Follow-up included a clinical examination and brain MRI at 6 and 12 months, then annually. An audiogram was performed annually during the first 2 years and every two years afterward. For evaluation of radiological tumor control, the last follow-up MRI images were compared to the baseline pretreatment MRI images. Tumor size was defined as the maximum mediolateral and antero-posterior diameter in transverse contrast-enhanced T1 MRI, according to the standardization of volume assessments proposed by Li et al. (15). An increase in tumor size of more than 3 mm was defined as local failure according to Huang et al. (16), two or more years after SRS (17). According to published studies, we additionally defined tumor control as freedom from re-intervention (repeated SRS or surgery) (18). All these criteria enable to take into account a known transient enlarge of tumor after SRS (19). Clinical treatment-related toxicities were defined as new neurological deficits occurring after SRS. These toxicities were classified as temporary when they resolved spontaneously or after a short course of medical therapy such as corticosteroids, and as permanent if they did not resolve. Early toxicity was defined as the appearance of a clinical sign within 90 days of the end of radiotherapy and late toxicity beyond 90 days after treatment. Toxicity of the facial nerve was defined as the appearance or worsening of facial paralysis [determined using the House-Brackmann scale (20)]. Toxicity of the trigeminal nerve was defined as the appearance or worsening of symptoms related to, in particular, hypoesthesia, paresthesia, or neuralgia in the territory of the trigeminal nerve. Hearing toxicity was defined as the worsening of hearing loss on the audiogram performed annually in patients with previously useful hearing (stages 1 and 2 of the Gardner-Robertson scale) and was not assessable in patients with pre-treatment deafness. Mean follow-up was 8.2 years (4.8 years for groups 11–12 Gy and 17.1 years for groups 14–16 Gy).
LC and overall survival (OS) were calculated using the Kaplan-Meir method. Time to local failure was defined as the period of time from SRS to the date of radiographic evidence of local failure at the treated site. The Cox proportional hazards model was performed to identify predictive factors of LC or toxicity. A two-sided p-value < 0.05 was considered significant. The following factors were included in the univariate analysis for LC: age, stage of tumor (Koos classification), history of surgery, presence of neurofibromatosis, GTV, marginal prescribed dose, received doses to the GTV (Dmax, Dmin and percentage of GTV covered by the marginal prescribed isodose line) and, for toxicity, received doses to the homolateral cochlea (Dmax, D2%, Dmoy), to the trigeminal nerve (Dmax, D2%), to the brainstem (Dmax, D2%, V12Gy) and to the facial nerve (because of its proximity to the target volume and the impossibility of delineating or sparing it, the facial nerve was not contoured, the latter receiving substantially the same dose as the periphery of the target volume). The Spearman correlation enabled the identification of strongly correlated factors between them that were not included in the multivariate analysis. Factors associated with a p-value < 0.1 in the univariate analysis were included in the multivariate analysis. Finally, comparisons of LC and facial and trigeminal nerve toxicity curves were conducted using the log-rank test.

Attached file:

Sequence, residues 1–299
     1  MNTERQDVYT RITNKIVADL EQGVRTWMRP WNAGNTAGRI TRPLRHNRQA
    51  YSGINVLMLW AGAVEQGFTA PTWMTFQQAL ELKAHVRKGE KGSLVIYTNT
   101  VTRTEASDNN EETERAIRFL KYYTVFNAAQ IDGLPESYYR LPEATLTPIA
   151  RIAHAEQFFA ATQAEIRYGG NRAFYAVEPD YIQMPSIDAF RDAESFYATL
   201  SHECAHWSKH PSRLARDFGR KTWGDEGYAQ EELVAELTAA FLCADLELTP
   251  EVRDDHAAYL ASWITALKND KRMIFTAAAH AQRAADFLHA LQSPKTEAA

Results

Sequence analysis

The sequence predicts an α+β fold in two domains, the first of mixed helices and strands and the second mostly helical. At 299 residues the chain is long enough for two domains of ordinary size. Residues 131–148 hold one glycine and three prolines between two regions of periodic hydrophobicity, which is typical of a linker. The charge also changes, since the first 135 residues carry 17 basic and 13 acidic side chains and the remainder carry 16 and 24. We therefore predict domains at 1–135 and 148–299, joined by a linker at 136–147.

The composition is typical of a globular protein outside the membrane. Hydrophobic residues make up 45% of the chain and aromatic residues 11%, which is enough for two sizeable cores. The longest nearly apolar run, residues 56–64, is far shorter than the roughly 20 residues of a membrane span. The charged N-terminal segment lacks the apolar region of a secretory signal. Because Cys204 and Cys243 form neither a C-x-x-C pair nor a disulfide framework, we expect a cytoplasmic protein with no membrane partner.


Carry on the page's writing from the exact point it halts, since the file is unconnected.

Local Control (LC)
Following SRS, LC at 3, 5 and 10 years was 100%, 98.4%, and 95.6%, respectively (Figure 1). Two local failures were observed at 3 and 10 years after the end of SRS. The marginal prescribed dose was 14 Gy for these two vestibular schwannomas. Thus, LC at 3, 5 and 10 years was 100% for those with ≤ 13 Gy as the marginal prescribed dose (NS). No statistically significant predictive factor of LC was found (Table 2).
Figure 1 Probability of local control (A) and overall survival (B) for the 97 patients receiving SRS for vestibular schwannoma.
Table 2 Results of univariate and multivariate analyses for local control, overall survival and cranial nerve toxicity incidence.
Pseudo-progression was observed in 12.4%, 3.1%, and 0% of cases at 6, 12, and 24 months, respectively. The transient increase at 6 months was significantly higher for patients with marginal prescribed doses ≥ 14 Gy (29.6% for groups 14-16 Gy vs. 7.5% for groups 11–12 Gy, p = 0.028). In the same way, perilesional edema was observed in 7.7%, 2.3%, and 0% at 6, 12, and 24 months, respectively (11.5% for groups 14–16 Gy vs. 6.2% for groups 11–12 Gy, p = 0.42).
Following SRS, OS at 3, 5 and 10 years was 100%, 98.2%, and 93.6%, respectively (Figure 1). OS at 3, 5, and 10 years was respectively 100%, 96.9%, and 91.8% for groups 11–12 Gy vs. 100%, 100%, and 95.7% for groups 14–16 Gy (NS). No patient died of tumor progression or SRS toxicity.
Concerning toxicity to the trigeminal nerve (including hypoesthesia, paresthesia, or neuralgia in the territory of the trigeminal nerve), an onset or worsening was reported for 7 patients (7.2%): 2 pts (2.9%) and 5 pts (18.5%) for groups 11–12 Gy and 14–16 Gy, respectively (p = 0.098). These toxicities appeared in 85% of cases within the first year after SRS. No permanent toxicity was observed for groups 11 Gy, 12 Gy, and 14 Gy (vs. 33.3% for group 16 Gy). In univariate analysis, significant predictive factors of trigeminal toxicity were a higher marginal prescribed dose (HR = 1.80, 95% CI = 1.21–2.69, p = 0.003) and higher GTV (HR = 1.25, 95% CI = 1.06–1.46, p = 0.02). In multivariate analysis, a higher marginal prescribed dose remained a statistically significant predictive factor of trigeminal toxicity (HR = 1.65, 95% CI = 1.07–3.10, p = 0.028) (Table 2).